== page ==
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The state or feeling of being calm and in control of oneself.‘she was struggling to regain her composure’
self-control, self-possession, self-command, calmness, equanimity, equilibrium, calm, coolness, collectedness, serenity, tranquillityView synonyms
- ‘We let the ball bounce from kick off and we didn't regain our composure until after the game was lost.’
- ‘Before I could regain my composure, I felt a tug from behind, as if someone was grabbing me by my collar.’
- ‘Regaining his composure, he said his farewell and walked out of the door.’
- ‘Williams was stunned but managed to regain his composure to take the next frame.’
- ‘As the stadium took a collective deep breath, the home side regained their composure.’
- ‘It took me about a few seconds to regain composure and get up from whatever I had fallen on.’
- ‘His performance thereafter, though, suggested that his composure had been affected.’
- ‘The other side is trying to make you lose your composure and you will play right into their hands if you do.’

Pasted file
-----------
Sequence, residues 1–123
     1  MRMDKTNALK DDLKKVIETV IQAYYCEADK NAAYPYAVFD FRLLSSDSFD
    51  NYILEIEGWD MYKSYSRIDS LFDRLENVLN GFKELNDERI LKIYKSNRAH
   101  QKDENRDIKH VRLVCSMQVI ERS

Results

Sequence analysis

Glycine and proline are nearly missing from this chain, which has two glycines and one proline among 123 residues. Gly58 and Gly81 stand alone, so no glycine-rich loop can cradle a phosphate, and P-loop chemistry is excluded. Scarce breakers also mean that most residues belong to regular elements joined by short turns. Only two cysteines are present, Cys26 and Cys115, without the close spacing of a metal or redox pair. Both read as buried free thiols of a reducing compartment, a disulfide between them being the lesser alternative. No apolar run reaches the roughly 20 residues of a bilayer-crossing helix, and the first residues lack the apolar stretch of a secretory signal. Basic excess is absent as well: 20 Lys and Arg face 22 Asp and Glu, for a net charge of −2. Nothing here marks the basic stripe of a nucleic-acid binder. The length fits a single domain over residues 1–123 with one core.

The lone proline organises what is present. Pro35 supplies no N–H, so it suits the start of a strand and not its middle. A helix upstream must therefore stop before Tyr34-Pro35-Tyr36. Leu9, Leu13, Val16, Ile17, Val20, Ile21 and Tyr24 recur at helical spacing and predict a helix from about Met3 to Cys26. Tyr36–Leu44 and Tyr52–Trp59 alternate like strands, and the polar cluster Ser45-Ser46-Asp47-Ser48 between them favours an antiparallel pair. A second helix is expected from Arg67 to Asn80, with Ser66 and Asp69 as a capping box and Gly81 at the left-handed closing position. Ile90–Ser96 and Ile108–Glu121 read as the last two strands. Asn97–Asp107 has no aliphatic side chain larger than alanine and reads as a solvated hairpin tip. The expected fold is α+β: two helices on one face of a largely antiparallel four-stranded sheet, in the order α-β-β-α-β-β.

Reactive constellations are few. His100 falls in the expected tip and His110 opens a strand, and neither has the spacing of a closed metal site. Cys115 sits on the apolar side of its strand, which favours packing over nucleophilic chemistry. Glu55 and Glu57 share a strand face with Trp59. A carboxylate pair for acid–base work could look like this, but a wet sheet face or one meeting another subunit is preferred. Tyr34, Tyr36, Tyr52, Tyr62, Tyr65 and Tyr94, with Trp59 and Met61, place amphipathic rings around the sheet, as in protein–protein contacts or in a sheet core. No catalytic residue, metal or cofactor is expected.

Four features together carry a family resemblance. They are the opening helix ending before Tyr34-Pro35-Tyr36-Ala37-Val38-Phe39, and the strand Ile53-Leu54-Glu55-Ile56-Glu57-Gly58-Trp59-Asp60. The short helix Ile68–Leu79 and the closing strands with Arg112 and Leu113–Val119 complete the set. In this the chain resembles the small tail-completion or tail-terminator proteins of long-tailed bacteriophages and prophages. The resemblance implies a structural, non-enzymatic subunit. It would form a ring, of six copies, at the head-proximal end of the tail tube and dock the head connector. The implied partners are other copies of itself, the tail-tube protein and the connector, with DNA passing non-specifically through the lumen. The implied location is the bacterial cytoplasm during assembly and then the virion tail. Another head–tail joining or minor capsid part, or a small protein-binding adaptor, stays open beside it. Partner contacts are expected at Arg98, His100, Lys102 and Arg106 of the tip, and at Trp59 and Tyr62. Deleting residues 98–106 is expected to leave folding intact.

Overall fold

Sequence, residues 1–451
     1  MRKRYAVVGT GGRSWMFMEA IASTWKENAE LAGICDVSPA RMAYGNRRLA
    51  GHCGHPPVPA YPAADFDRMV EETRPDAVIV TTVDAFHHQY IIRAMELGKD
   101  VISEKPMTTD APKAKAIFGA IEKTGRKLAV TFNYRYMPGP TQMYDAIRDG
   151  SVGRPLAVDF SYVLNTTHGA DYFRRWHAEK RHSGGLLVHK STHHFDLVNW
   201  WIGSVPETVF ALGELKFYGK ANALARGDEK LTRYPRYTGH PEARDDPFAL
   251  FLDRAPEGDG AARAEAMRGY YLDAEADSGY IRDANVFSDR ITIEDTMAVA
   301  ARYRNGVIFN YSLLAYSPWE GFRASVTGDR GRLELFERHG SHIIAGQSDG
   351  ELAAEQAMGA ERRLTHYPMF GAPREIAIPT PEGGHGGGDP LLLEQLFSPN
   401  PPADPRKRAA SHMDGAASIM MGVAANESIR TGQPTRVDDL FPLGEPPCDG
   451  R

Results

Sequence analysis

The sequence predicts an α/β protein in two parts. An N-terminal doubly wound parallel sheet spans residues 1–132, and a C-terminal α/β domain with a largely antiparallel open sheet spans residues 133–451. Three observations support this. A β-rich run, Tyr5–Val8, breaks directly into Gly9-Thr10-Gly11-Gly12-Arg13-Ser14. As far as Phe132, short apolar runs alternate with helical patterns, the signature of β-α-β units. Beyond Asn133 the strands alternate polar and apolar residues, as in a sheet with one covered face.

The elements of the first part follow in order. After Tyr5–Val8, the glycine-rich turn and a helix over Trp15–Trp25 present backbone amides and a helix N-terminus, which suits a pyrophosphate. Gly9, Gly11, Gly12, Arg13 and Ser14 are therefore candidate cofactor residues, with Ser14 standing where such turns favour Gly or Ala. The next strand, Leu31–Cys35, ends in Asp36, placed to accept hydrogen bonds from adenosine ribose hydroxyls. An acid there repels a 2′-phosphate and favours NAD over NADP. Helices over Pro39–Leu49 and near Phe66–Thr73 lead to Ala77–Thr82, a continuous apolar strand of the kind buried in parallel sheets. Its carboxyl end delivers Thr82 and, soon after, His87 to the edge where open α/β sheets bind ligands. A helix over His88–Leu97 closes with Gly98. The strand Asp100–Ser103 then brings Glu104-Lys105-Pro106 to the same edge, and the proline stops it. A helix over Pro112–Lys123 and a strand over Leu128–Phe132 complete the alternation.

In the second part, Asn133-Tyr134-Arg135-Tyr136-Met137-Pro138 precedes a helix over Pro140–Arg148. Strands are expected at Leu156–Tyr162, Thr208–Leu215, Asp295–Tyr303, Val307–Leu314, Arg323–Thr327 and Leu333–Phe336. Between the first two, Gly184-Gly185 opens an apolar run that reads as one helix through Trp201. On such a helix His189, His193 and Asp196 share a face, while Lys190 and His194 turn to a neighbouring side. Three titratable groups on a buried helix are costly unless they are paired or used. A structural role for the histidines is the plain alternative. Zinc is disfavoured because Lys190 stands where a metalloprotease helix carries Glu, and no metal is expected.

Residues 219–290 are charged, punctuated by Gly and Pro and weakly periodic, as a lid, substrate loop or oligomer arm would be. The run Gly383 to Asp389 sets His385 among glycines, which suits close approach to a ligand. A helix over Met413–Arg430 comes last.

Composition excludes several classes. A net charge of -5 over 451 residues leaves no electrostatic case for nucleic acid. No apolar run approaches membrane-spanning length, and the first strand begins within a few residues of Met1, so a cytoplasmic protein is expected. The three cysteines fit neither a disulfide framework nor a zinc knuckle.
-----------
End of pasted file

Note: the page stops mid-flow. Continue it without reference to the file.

- ‘She has a startling assurance and composure and the performance is most notable.’
- ‘It was cool enough to take my breath away for a second and it took a few moments to regain my composure and concentrate.’
- ‘Donny tried to regain composure as tears of hysteria rolled down his cheeks.’
- ‘That all came down to us when we lost composure and control for a few minutes of the game.’
- ‘The calm sea presented a facade of composure which was soon to be broken by the French.’
- ‘I sent a message to Allison, hoping for a voice of reason to help regain my composure.’
- ‘After regaining some of his composure, the artist went to the local pub to meet his wife as arranged.’
- ‘In those early days, composure was something he threatened to lose as he ruminated on the challenges to be faced.’
- ‘The control and composure he showed for the first goal was world class.’
- ‘She looked as if she might start sobbing again, but blew her nose and regained her composure.’
- ‘He paid tribute to the staff at the airport for their composure in trying circumstances.’
- ‘The question is whether they will have enough composure to outfox the defending champions’
Late 16th century (in the sense ‘composing, composition’): from compose + -ure.
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